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The suspect in an attack on author Salman Rushdie has been charged with attempted murder and attempted assault and is being held without bond, authorities in the western New York community where the attack occurred.

Hadi Matar, 24, was arraigned late Aug. 12 for attempted second-degree murder and second-degree assault, New York State Police said in a statement. statement.

A lawyer for Matar pleaded not guilty on his behalf.

Jason Schmidt, the Chautauqua County District Attorney, said federal and state law enforcement are working on the investigation.

Matar, a New Jersey resident, was arrested at the scene. Investigators are working to understand the planning and preparation leading up to the attack and to determine if additional charges should be filed, Schmidt said.

Rushdie remained hospitalized on a ventilator with a damaged liver and nerve damage, his agent, Andrew Wylie, said. Wylie added that he was at risk of losing an eye.

Rushdie, who spent years in hiding after his novel The Satanic Verses received death threats from the Iranian leader in the 1980s, was attacked at the Chautauqua Institution, a spiritual retreat center on a corner rural southwestern New York where he was to speak.

The center is known for its summer lecture series, where Rushdie has previously spoken.

The suspect stormed the stage as Rushdie was introduced and attacked him and moderator Henry Reese, New York State Police said in a statement.

Eyewitnesses said the attack lasted nearly 20 seconds, with Hatar allegedly continuing to punch and stab Rushdie even as onlookers rushed to restrain him. Reese suffered a minor head injury.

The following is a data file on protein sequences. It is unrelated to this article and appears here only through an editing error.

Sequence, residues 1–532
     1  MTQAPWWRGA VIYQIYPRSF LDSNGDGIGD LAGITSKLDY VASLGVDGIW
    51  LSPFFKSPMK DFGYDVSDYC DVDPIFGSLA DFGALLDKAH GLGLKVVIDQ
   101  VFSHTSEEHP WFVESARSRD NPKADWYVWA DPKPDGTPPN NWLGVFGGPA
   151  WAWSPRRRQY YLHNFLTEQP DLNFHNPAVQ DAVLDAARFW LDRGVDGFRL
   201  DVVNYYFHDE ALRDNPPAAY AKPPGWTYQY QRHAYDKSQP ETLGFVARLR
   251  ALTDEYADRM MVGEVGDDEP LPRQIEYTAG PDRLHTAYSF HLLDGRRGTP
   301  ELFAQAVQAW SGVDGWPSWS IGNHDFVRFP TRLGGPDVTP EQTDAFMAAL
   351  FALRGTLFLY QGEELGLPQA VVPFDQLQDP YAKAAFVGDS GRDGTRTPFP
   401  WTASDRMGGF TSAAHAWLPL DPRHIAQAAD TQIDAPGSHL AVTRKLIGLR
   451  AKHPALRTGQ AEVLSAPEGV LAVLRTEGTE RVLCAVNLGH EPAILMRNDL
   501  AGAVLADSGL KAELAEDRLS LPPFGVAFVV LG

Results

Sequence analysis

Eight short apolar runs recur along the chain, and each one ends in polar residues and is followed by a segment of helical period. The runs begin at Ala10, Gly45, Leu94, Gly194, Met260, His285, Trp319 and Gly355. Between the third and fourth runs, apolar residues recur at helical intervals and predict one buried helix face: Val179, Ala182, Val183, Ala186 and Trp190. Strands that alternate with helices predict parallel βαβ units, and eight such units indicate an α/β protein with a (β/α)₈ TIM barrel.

There was no official reaction to the attack in Iran, but several radical newspapers praised the attacker.

“A thousand bravos…to the courageous and dedicated person who attacked the apostate and evil Salman Rushdie in New York”,
writes the Kayhan newspaper, whose editor was appointed by Iran’s supreme leader, Ayatollah Ali Khamenei. “The hand of the man who tore the neck of the enemy of God must be kissed.”

Satanic verses have been banned in Iran as many Muslims consider them blasphemous. A year after it was published in 1988, then Iranian leader Ayatollah Ruhollah Khomeini issued a fatwa calling for Rushdie’s death.

The Iranian government has distanced itself from Khomeini’s decree, but anti-Rushdie sentiment persists. In 2012, a semi-official Iranian religious foundation increased the bounty for Rushdie from $2.8 million to $3.3 million.

Rushdie, who was forced into hiding for many years because of the fatwa, dismissed that threat at the time, saying there was no evidence people were interested in the reward.

In 1991, a Japanese translator of the book was stabbed to death and an Italian translator survived a knife attack. In 1993, the book’s Norwegian publisher was shot three times and survived.

Khamenei never issued his own fatwa to revoke the edict, although Iran in recent years has not focused on the writer.

Rushdie was at the Chautauqua Institution to participate in a discussion about the United States serving as a haven for exiled writers and artists and “as a home for freedom of creative expression,” according to the institution’s website.

US President Joe Biden condemned the “vicious attack” and praised Rushdie for his “refusal to be bullied or silenced”.

In an Aug. 13 statement, Biden said he and his wife, First Lady Jill Biden, “along with all Americans and people around the world, pray for his health and recovery.”

He added that Rushdie “represents essential and universal ideals. Truth. Courage. Resilience. The ability to share ideas without fear.”

Canadian Prime Minister Justin Trudeau said the attack was an attack on freedom of expression.

“No one should be threatened or harmed based on what he wrote. I wish him a speedy recovery,” Trudeau said in a statement. Tweeter.

German Chancellor Olaf Scholz also condemned the attack.

“What a despicable act,” Scholz said on Twitteradding that he wished the author strength for his recovery.

“The world needs people like you who aren’t intimidated by hate and who fearlessly stand up for free speech,” he said.

Born in Mumbai, India, Rushdie holds British and American citizenship and has lived in New York since 2000, according to Politico.

With reports from AP and Reuters

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